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Read about the five games that defined the Sega Genesis.
A quarter-century ago, a gaming upstart that hadn’t made much of an impact in the market launched the Sega Genesis. That system took Nintendo head on and proved the industry was for more than just kids.
Today, Thomas Kalinske is vice chairman of the children’s electronics company Leapfrog and executive chairman of Global Education Learning. But a few decades ago, he was chief executive officer of Sega of America. On Aug. 14, 1989, Sega debuted its Genesis console in North America. The system, under Kalinske’s leadership (he joined Sega of America in 1990), quickly established itself as the anti-Nintendo largely due to the CEO’s smart and edgy marketing strategies.
In honor of the Genesis’s 25th birthday (it can rent a car!), GamesBeat talked with Kalinske about his feelings toward the system all these years later.
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Invading Nintendo’s turf
“It is really hard to believe it was 25 years ago that we launched Genesis,” Kalinske told GamesBeat.
The executive says that he actually has more of an appreciation for what his team did with the Genesis now than he did at the time. It’s easier for him to reflect on just how much they were changing things now that it’s so far into the past.
“Remember that in 1990, the industry was dominated by Nintendo, with a 95 percent market share,” he said. “NEC and Sega Master System were tiny. Third-party publishers were afraid to support any company other than Nintendo for fear of getting punished by Nintendo. The average game player was 12 years old. Retailers were also reluctant to carry any system but Nintendo, and the total market size was a few billion dollars.”
To break into the industry with the Genesis, which everyone at Sega knew was a better piece of hardware than the aging Nintendo Entertainment System, Kalinske and his team got creative.
The former CEO points out that the Genesis was able to catch on because Sega launched it at a relatively low price and aimed it at teenagers and college students. The hardware company went after sports games, popular U.S. licenses, and strategy and role-playing games.
Perhaps most important, the Genesis stood out because Sega wasn’t afraid to take Nintendo head on.
“We changed a lot by making fun of Nintendo in advertising as the little kid’s old-fashioned slow system,” said Kalinske. “And of course, leading with Sonic the Hedgehog, who really demonstrated the superior speed, sound, and graphics of Genesis.”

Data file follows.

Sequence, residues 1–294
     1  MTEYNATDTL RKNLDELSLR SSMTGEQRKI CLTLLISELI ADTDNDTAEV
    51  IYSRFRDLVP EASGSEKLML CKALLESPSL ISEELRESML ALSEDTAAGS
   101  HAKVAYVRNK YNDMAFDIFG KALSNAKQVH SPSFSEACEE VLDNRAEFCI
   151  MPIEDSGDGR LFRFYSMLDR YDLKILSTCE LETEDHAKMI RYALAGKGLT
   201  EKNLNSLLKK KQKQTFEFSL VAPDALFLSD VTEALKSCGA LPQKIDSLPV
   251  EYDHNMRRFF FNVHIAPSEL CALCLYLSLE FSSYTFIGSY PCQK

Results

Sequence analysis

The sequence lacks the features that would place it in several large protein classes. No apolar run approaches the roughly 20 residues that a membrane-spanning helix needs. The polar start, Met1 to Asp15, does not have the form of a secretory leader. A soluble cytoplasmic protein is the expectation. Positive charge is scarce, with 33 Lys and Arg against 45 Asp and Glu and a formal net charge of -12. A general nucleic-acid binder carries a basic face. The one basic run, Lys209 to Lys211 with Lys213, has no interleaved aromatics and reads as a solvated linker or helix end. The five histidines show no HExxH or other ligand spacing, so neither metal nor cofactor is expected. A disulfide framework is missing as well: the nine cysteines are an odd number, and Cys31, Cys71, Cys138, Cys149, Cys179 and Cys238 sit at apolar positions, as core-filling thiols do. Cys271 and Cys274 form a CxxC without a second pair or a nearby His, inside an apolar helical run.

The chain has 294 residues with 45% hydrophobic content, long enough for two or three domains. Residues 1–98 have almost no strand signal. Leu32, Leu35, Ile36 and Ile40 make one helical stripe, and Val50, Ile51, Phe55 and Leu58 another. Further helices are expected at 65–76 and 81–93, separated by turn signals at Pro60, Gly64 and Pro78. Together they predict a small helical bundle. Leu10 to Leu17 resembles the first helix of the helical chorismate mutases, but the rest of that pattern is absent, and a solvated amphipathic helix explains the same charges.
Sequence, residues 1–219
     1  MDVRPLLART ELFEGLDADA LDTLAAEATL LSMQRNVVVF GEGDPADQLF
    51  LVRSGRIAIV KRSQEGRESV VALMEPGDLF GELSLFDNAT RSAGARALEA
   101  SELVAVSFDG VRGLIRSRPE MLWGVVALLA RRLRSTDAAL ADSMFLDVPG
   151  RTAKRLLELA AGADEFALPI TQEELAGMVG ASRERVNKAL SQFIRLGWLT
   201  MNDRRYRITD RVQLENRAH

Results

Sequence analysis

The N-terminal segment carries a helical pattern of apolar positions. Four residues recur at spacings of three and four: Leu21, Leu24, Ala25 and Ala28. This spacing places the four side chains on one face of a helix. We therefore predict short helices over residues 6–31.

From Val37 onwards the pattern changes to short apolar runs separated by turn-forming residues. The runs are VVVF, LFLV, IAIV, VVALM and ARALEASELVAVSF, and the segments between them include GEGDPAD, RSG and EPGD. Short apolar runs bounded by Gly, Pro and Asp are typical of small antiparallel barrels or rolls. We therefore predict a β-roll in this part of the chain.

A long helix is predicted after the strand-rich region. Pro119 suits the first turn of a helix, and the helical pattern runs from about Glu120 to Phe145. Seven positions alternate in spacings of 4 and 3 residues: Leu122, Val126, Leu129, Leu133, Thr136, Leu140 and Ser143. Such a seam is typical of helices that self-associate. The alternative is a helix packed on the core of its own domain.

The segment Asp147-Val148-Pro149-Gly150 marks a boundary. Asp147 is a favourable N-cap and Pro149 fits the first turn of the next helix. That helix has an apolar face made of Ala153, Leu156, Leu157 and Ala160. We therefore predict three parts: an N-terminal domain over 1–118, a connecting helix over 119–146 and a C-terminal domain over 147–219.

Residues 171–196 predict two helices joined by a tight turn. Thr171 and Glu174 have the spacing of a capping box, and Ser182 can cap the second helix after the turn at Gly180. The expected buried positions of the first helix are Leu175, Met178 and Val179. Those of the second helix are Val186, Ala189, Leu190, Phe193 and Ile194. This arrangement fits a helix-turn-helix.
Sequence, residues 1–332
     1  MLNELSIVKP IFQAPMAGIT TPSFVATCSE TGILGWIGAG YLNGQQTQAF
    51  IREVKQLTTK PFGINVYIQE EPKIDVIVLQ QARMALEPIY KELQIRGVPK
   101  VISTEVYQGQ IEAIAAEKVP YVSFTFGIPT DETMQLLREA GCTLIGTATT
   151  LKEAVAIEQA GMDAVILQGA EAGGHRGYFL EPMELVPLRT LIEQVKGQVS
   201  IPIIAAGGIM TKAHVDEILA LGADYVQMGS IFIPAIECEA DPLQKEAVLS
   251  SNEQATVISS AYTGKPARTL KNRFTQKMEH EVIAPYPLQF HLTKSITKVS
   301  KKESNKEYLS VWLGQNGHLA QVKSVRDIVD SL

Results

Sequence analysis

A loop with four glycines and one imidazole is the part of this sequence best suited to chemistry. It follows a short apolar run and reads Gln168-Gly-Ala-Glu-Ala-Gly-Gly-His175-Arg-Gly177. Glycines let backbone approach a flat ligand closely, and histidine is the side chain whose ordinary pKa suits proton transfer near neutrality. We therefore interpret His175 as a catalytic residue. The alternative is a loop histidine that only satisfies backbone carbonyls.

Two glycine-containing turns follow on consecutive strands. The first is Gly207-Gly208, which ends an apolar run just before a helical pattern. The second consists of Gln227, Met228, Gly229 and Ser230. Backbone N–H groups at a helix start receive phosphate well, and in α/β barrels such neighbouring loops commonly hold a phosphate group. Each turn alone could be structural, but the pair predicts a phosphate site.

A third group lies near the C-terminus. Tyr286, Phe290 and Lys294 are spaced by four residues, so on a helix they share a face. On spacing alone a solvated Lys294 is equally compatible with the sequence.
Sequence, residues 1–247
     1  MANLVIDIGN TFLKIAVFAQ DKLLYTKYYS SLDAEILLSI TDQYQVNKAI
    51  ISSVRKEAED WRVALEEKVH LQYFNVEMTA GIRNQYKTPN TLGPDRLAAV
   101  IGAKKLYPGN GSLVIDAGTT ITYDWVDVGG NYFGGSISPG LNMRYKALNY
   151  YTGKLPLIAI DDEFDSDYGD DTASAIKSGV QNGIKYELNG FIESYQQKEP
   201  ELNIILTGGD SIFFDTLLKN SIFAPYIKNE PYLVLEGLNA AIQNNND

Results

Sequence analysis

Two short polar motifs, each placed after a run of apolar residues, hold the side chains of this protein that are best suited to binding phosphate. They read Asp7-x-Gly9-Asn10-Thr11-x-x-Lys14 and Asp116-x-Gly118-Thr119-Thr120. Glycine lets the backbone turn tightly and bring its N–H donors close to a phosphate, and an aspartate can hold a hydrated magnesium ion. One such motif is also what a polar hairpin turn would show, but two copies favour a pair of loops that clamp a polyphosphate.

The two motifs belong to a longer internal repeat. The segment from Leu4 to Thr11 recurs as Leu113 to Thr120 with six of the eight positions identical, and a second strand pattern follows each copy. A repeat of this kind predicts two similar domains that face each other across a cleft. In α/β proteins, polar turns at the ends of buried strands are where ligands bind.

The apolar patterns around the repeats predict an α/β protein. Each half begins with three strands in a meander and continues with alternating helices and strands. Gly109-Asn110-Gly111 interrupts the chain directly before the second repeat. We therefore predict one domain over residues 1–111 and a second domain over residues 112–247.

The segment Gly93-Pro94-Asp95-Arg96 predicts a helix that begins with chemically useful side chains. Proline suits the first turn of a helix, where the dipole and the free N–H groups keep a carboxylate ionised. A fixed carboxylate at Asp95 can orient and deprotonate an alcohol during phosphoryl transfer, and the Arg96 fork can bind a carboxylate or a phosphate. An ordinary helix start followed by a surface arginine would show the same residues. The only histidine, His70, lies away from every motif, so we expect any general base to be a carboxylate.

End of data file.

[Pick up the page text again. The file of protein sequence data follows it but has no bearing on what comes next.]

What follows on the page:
An executive’s pride
Some of the highlights for Kalinske include expanding the market by developing software for older audiences. Sega also created a rating system that would later turn into Entertainment Software Ratings Board’s system, which is what you see on games today.
“Our success brought third parties on board and forced retailers to give Sega more space,” said Kalinske. “The total Video Game industry was $3 billion in 1990. Today, it is a $63 billion industry. That’s larger than the motion picture industry, and gaming is a much more respected industry now than it was before the Genesis with the average game player age around 30. I’m happy to have been part of this transformation of the industry.”
But the aspect of launching and overseeing the Genesis that gives the executive the most pride is how creative his team was when it came to every problem.
“We were able to do what many thought would be impossible: take on Nintendo,” he said. “We proved the market had room for more than one company, changed the target audience, and greatly expanded the type of games that were developed. And we had a lot of fun doing it.”
What today’s game makers learned from the Genesis
Kalinkske left Sega of America in 1996, but he still follows gaming. When he looks at modern consoles, he sees how they have taken lessons that his team first put into practice with the Genesis.
“Make great games; that is really all that matters,” he said. “To steal Nintendo’s line, ‘the name of the game is the game.’ Make the games easy enough for anyone to start playing, but have them adapt to the player and get harder and harder to finish.”
Kalinske also defends long games. He thinks publishers should aim to make products that take 50 hours to 100 hours to complete. He gives a lot of credit for the industry’s success to game length.
“If you think about it, a good game provides more hours of enjoyment for less money than any other form of entertainment,” he said. “An $8 movie costs over $4 per hour while a video game can cost pennies per hour.”
The Genesis was able to carve out an audience by going after gamers that Nintendo wasn’t already serving. Kalinske notes that publishers are doing something similar now.
“I think that today’s game developers are [trying to expand their audience] with casual games and games specifically targeted at women,” he said.
Creating the ‘street date’
Finally, we asked Kalinske what his most vivid memory of working on the Genesis is, and he brought Sega’s interesting strategy for releasing the sequel to its most-popular game.
“I think it was after the launch, when we were launching Sonic the Hedgehog 2 on [what we called] Sonic Tuesday,” he said. “We had to use air shipping to [get the game to] every store in the U.S. and Europe, which established the concept of the “street date,” where every retailer had the product on shelf the same day. That might sound easy, but it was really hard to do. Especially back then.”
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